With more investments, acquisitions (ColorPlus) and launch of ready-to-wear brands (Be), the company was well on its way to claiming the top spot in the textile scene in India. Not all the ventures lasted the course; the ones that were unsuccessful were quietly dropped.

It is a matter of interest that Raymond succeeded in capturing the hearts of all generations. This is largely due to its advertising and marketing strategies. The brand was promoted as the perfect product for the man who cared not just about his appearance but also his relationship with the people around him. It projected the male of the species as not just a clothes horse but also as a sensitive, caring man of good breeding.



The motifs changed over the decades from the ‘chess king’ to the ‘ordinary man’ to the ‘common man’ and the ‘complete man’, but the message was clear, as the 1980s ‘guide to the well-dressed male’ campaign proved: the man who wore Raymond was dependable. The signature tune was introduced in the same decade and has enabled instant brand recall among the public.

Other campaigns are the ‘Raymond Model Hunt’ via Facebook, the ‘Drive for Passion’ and recently the # TailorYourStyle digital push.

Innovation is backbone

Innovation is the backbone of Raymond. The R&D team has consistently come up with new and fine blends: the Renaissance Collection (merino wool, polyester and specialty fibres), the Chairman’s Collection ( fine merino wool and cashmere), Applause (easy care wool), and polyester wool + PV Lycra suiting. With above 4,500 designs and more than 20,000 patterns incorporating blends of linen, angora, lycra, silk, polyester and cashmere with wool, the company has gone beyond expectations.

The readymade juggernaut may have unsettled Raymond, but the company has developed a method of fighting back. In 2018, it launched a visualisation mirror that enables the customer to see himself on a screen in a variety of styles, guiding the buyer to his choice of fabric. This is in addition to its own brands in the ready-to-wear apparel segment.

Raymond’s products are available at over 1,000 exclusive stores across 350+ cities in India and there are about 20,000 points of sale. It has recently opened more than 300 mini-TRS (The Raymond Shop) outlets in tier 4 and 5 markets. It entered the e-commerce space with raymondnext.com .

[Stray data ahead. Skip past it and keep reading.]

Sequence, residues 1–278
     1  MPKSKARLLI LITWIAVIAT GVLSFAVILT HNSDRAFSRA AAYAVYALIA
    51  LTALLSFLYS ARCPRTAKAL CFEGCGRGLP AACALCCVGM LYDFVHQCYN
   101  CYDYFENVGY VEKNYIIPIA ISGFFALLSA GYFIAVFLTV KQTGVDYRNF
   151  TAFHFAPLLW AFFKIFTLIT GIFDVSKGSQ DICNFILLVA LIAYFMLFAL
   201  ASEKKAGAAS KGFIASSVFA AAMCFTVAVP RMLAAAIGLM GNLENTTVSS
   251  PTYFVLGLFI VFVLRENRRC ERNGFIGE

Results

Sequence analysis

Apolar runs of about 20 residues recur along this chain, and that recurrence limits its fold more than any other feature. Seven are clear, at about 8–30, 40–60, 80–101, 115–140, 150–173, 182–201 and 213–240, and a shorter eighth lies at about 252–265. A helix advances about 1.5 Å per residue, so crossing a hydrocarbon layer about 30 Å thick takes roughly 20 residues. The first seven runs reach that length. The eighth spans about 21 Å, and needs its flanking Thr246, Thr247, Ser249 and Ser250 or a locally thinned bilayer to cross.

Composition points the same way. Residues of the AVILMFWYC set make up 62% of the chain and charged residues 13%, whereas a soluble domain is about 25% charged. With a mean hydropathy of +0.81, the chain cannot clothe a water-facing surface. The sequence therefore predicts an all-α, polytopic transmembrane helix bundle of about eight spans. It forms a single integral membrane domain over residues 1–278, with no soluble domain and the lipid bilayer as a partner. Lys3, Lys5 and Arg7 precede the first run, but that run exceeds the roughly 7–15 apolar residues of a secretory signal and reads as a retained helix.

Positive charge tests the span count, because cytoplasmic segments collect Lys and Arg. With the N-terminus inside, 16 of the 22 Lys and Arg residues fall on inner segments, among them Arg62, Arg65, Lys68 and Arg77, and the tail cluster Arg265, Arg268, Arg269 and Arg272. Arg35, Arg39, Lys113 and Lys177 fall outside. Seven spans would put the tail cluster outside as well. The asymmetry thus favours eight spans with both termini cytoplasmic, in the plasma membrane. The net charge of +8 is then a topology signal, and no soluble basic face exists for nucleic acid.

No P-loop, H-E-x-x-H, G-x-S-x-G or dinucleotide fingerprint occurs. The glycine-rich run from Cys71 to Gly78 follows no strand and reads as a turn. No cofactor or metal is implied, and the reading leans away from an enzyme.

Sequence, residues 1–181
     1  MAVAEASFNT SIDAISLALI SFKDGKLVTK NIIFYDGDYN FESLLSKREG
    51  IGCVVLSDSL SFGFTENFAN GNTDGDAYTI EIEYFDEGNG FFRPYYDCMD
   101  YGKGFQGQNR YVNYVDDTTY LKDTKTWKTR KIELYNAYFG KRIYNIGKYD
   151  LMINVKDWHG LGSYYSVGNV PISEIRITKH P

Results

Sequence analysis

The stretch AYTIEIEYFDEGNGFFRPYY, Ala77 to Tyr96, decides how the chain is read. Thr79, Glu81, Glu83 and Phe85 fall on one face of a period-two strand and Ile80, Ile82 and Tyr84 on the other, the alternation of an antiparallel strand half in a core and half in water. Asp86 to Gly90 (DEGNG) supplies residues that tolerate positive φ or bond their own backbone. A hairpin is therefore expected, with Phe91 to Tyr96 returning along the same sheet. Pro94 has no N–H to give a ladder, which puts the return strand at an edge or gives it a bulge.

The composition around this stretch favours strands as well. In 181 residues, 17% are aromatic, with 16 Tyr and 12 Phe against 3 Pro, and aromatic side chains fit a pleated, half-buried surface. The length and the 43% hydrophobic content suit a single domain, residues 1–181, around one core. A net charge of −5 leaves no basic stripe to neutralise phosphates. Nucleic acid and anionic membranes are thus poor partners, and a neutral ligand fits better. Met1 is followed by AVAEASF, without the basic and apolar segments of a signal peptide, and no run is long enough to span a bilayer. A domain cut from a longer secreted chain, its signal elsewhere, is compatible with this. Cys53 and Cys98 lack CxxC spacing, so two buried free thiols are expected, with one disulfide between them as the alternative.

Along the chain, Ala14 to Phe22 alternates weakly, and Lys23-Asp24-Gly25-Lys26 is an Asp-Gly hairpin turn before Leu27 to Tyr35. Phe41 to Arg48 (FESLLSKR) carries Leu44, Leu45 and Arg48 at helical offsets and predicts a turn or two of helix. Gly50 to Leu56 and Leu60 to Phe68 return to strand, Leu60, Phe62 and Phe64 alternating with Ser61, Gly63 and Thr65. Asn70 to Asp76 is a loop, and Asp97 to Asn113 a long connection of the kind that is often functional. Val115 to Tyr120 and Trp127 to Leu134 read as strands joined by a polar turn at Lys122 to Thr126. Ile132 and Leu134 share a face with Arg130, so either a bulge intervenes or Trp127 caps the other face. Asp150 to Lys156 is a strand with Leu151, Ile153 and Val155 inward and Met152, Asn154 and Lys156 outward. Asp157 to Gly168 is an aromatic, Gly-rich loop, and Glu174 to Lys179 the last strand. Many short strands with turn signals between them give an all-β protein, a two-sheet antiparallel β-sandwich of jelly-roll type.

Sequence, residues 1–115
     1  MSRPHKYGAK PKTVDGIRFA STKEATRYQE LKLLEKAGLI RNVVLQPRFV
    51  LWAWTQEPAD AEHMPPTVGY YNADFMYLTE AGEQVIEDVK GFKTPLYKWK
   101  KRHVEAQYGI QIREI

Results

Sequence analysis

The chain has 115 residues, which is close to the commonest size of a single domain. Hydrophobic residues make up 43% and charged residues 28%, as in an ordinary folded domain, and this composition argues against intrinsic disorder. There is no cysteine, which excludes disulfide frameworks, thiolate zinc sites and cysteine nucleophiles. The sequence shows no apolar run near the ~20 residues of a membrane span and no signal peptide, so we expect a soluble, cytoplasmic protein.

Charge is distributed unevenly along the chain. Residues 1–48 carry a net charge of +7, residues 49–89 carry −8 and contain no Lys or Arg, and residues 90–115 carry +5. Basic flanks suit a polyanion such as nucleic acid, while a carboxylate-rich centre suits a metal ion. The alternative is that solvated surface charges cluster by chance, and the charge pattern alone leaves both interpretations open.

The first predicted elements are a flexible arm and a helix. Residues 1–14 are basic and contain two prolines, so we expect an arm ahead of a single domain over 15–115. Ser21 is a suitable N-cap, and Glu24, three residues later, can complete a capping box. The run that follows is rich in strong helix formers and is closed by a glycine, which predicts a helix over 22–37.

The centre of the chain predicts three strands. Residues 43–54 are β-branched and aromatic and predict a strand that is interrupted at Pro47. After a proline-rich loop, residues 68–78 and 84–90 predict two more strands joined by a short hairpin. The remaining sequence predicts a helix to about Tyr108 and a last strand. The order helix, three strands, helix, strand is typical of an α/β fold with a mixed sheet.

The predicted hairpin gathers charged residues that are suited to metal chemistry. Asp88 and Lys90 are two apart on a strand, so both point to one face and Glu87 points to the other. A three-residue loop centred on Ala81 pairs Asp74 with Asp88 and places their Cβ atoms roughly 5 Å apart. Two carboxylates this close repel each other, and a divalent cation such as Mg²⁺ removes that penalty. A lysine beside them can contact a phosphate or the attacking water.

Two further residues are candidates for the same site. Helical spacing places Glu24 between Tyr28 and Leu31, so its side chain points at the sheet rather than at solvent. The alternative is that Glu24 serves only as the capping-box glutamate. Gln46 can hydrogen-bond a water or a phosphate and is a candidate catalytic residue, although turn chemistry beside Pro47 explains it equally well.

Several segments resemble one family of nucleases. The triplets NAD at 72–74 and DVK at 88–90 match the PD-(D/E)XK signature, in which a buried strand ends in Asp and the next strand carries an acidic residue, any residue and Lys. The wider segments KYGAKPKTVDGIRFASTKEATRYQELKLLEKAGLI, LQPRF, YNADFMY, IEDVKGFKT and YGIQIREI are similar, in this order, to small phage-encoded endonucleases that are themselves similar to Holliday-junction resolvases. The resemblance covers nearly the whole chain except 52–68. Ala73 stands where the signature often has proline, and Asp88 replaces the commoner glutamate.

Today, Raymond’s covers textiles, apparel, FMCG products and engineering. The company’s turnover in 2018-19 was more than ₹6,500 crore, of which branded textiles accounted for about 46 per cent and branded apparel for 24 per cent. It exports its products to more than 55 countries globally and is one of the leaders in the denim space.

Energy-efficient methods

The textile industry is one of the most polluting in the world, but even here, Raymond managed to make a difference through the launch of an eco-friendly fabric Ecovera, comprising waste PET bottles and utilising biofuels and energy-efficient methods. Raymond has also made fabric from banana fibre and created stain- and UV-resistant fabrics.

A list of awards won by Raymond across textiles, apparel and retail would fill several pages — the ‘Most Admired Textile Brand’, the ‘Most Trusted Brand’, ‘Superbrand’, the ‘Most Admired Company’, ‘Most Innovative Retailer’ awards to name a few.

The group’s CSR thrust covers several initiatives, including cattle-rearing, cattle breed improvement programmes, agriculture, imparting of tailoring skills through setting up of tailoring hubs across India to empower the youth and creating a pool of master tailors, setting up schools to impart education, the opening of rehabilitation centres for under-privileged children and tribals, and offering vocational training courses.